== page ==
Music for Funerals (in Space)

Really.

Cyclotimia’s album “Celestis: Space Ceremonial Music” is inspired by the activity of a well-known American aerospace company Space Services Inc. which among other things specializes in sending human ashes into space (via their subsidiary Celestis Inc.). Moreover, the compact discs with this music have prowled the outer space twice while being on board rockets launched from the spaceport America in New Mexico. This happened for the first time in April 2007 (“Legacy” project), and for the second time in May 2010 (“Pioneer Flight” project). Cyclotimia’s music obtained the status of the official soundtrack to both events. 

“Celestis” definitely stands out in the discography of this project, known mainly for its post-industrial and avant-garde recordings. It would be no exaggeration to say that this is their most accessible work (in a good sense) correlating with the best examples of such acclaimed masters of the “space genre” as Jean-Michel Jarre or Klaus Schulze. At the same time the music on “Celestis” is in no way secondary, it is modern and quite craftily made. 

From the opening theme “Capsula” the album’s atmosphere plunges the listener into a world of spiritual experience, calls to take an imaginary space travel; fly towards Space along with the remains held in capsulas… It’s worth mentioning that the CD comes with a 12-page booklet narrating about the activities of the company. This release differs from the first edition (2007) as it contains an additional exclusive track “Another Time Another Place” – a 15-minute “space suite” recorded by the project in 2009.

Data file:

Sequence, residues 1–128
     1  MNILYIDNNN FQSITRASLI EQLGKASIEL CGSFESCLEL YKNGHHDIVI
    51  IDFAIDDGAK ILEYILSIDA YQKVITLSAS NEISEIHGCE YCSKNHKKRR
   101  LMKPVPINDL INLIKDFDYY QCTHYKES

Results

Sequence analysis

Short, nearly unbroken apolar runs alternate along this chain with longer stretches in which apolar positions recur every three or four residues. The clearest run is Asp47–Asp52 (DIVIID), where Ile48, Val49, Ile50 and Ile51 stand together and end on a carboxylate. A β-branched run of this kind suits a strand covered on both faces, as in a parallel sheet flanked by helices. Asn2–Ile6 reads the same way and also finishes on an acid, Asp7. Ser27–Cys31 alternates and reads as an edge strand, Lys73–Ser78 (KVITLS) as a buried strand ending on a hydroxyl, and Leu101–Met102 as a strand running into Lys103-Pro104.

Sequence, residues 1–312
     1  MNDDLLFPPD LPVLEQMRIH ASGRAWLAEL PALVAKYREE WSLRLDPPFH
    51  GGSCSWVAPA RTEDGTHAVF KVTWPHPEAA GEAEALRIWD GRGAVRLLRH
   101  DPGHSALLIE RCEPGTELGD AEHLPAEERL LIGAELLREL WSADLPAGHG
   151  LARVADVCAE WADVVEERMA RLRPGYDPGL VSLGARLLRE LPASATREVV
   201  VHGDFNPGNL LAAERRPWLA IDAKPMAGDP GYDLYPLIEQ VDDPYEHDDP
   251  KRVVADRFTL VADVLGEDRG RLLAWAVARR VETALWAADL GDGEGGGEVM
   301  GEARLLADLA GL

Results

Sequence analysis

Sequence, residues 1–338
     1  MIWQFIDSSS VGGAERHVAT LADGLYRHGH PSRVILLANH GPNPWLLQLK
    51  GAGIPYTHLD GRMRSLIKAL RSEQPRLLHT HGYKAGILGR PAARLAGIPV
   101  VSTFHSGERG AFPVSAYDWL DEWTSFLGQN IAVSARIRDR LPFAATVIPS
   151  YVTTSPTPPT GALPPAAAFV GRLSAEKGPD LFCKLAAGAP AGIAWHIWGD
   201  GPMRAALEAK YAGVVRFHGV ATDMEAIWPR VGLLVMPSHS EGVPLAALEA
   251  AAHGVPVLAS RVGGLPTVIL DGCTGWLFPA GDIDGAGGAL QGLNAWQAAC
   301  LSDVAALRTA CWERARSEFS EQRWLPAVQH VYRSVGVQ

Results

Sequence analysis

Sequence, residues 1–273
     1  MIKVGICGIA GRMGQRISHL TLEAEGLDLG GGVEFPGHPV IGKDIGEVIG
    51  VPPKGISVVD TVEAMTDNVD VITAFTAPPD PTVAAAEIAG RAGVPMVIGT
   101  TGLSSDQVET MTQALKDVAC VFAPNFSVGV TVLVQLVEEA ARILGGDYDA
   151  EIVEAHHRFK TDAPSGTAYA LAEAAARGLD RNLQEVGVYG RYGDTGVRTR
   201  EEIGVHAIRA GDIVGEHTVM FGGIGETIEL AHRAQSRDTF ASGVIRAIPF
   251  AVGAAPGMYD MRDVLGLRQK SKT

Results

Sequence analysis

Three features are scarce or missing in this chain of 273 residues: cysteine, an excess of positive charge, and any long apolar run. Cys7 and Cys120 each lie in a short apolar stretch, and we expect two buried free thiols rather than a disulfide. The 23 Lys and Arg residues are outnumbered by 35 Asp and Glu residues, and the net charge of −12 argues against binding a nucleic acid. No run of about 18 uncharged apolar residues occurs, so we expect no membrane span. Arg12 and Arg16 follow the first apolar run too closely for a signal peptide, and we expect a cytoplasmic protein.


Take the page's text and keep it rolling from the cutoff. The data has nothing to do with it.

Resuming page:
So if you’re feeling morbid, funereal, AND cosmic, this might be the album for you. €7, $8.80 for Americans, or stream for free… while your tears float away in zero-G…

Ω

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2 Comments

  1. What about György Ligeti’s Lux Aeterna or Requiem, or Zbigniew Preisner’s “Lacrimosa”? All of these were used to stunning effect during the cosmological scenes of “2001: A Space Odyssey” and “The Tree of Life.” Then there is the “Saturn, the Bringer of Old Age” movement of Gustav Holst’s The Planets which contains a variation on the funereal Dies Irae.

    • And Tomaso Albinoni’s dirge-like “Adagio in G minor,” used elegiacally in the “Space: 1999″ episode “Dragon’s Domain.”


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